Connecting Europe Facility: informal agreement with European Parliament on the post-2020 programme

Today, negotiators from the Council and the European Parliament reached a provisional agreement on the second edition of the EU’s flagship programme the Connecting Europe Facility (CEF). CEF 2.0 will continue to fund key projects in the areas of transport, digital and energy. It will run from 2021 to 2027, with a significant overall budget of €33.71 billion (in current prices).

We are very happy with the provisional deal reached today, as it is fully in line with the European Council conclusions of July last year. Having reached a deal with the Parliament today allows the first calls under the Connecting Europe Facility to be launched before the Summer break. Thanks to this programme, we have better transport connections and energy networks, as well as better digital services and connectivity in Europe. And this substantial funding must and will continue. It is especially important for overcoming COVID-19-related challenges and tackling climate change.

Pedro Nuno Santos, Portuguese Minister for Infrastructure and Housing, President of the Council

The budgets for each sector will be (in current prices):

  • transport: €25.81 billion (including €11.29 billion for cohesion countries)
  • energy: €5.84 billion
  • digital: €2.06 billion

In the field of transport, CEF 2.0 will promote interconnected and multimodal networks to develop and modernise railway, road, inland waterway and maritime infrastructure, as well as safe and secure mobility. Priority will be given to further development of the trans-European transport networks (TEN-T), focusing on missing links and cross-border projects with an EU added value. €1.56 billion of the transport budget will finance major rail projects between cohesion countries.

CEF 2.0 will also ensure that when infrastructure is adapted to improve military mobility within the EU, it is dual-use compatible, meeting both civilian and military needs. Military mobility will have a separate budget within the transport envelope, of €1.69 billion.

In the energy sector, the programme aims to contribute to further integration of the European energy market, improving the interoperability of energy networks across borders and sectors, facilitating decarbonisation, and ensuring security of supply. Funding will also be available for cross-border projects in the field of renewable energy generation. When defining award criteria, consistency with EU and national energy and climate plans, including the principle of ‘energy efficiency first’, will be taken into account.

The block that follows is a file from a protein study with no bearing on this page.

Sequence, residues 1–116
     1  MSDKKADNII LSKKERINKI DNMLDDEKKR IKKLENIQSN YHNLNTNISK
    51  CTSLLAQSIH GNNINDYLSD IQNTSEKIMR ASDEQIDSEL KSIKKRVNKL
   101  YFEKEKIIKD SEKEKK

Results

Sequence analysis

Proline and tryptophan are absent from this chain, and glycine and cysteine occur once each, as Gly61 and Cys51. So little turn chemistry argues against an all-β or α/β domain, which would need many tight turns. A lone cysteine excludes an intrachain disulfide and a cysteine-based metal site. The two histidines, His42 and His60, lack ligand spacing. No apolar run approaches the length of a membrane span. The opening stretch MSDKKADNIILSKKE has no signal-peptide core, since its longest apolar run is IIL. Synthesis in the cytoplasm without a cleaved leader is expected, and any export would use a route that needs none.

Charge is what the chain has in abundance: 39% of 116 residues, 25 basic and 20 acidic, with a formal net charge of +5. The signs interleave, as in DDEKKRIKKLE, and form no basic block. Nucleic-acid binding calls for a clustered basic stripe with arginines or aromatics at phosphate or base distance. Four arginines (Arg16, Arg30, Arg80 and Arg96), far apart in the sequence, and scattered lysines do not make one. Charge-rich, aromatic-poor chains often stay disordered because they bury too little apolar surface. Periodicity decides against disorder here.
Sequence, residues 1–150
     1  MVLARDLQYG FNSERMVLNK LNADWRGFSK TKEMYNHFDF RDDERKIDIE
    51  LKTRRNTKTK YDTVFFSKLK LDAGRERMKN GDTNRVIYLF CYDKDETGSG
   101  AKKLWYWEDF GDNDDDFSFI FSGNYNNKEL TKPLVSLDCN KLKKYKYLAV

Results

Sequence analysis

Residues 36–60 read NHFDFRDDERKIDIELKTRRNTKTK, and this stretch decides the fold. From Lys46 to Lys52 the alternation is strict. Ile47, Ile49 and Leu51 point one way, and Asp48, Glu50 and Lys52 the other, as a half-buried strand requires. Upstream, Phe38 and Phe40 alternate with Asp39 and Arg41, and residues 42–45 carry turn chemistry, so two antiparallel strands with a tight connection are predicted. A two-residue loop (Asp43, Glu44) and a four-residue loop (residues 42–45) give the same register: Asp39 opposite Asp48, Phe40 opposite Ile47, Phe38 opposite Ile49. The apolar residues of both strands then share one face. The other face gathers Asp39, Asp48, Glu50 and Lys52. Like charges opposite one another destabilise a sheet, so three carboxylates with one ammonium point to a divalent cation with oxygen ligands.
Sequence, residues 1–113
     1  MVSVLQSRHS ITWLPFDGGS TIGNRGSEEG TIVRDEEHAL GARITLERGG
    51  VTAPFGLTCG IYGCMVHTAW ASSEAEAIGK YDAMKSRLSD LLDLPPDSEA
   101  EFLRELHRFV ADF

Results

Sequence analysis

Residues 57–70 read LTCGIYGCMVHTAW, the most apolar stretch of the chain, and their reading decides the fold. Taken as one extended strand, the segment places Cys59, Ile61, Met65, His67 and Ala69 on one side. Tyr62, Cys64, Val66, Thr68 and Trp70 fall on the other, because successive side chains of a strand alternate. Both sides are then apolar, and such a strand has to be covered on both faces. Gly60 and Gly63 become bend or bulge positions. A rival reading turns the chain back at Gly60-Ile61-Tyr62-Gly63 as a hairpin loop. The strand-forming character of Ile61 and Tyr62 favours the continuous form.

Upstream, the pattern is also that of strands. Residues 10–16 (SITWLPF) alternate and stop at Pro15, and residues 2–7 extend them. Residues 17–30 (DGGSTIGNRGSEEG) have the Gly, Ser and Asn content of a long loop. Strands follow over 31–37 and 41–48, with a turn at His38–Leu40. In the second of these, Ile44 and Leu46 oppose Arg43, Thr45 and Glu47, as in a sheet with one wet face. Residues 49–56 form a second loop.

In the area of digital connectivity, the scope of the programme has been broadened to reflect the fact that the digital transformation of the economy and society at large depends on universal access to reliable and affordable high and very high capacity networks. Digital connectivity is also a decisive factor in closing economic, social and territorial divides. To qualify for support from CEF 2.0, a project will have to contribute to the digital single market and EU connectivity targets. Priority will be given to projects which generate additional area coverage, including for households.

CEF 2.0 emphasises synergies between the transport, energy and digital sectors, to enhance the effectiveness of EU action and minimise implementation costs. It will promote cross-sectoral work in areas such as connected and automated mobility and alternative fuels.

The programme also aims to mainstream climate action, taking into account the EU’s long-term decarbonisation commitments such as the Paris Agreement.

Next steps

The provisional agreement reached today is subject to approval by the Council. It will now be submitted to the Council’s Permanent Representatives Committee (Coreper) for endorsement.

Once adopted by both the Council and the European Parliament, the CEF regulation will enter into force the day after its publication in the EU Official Journal. It will apply retroactively from 1 January 2021.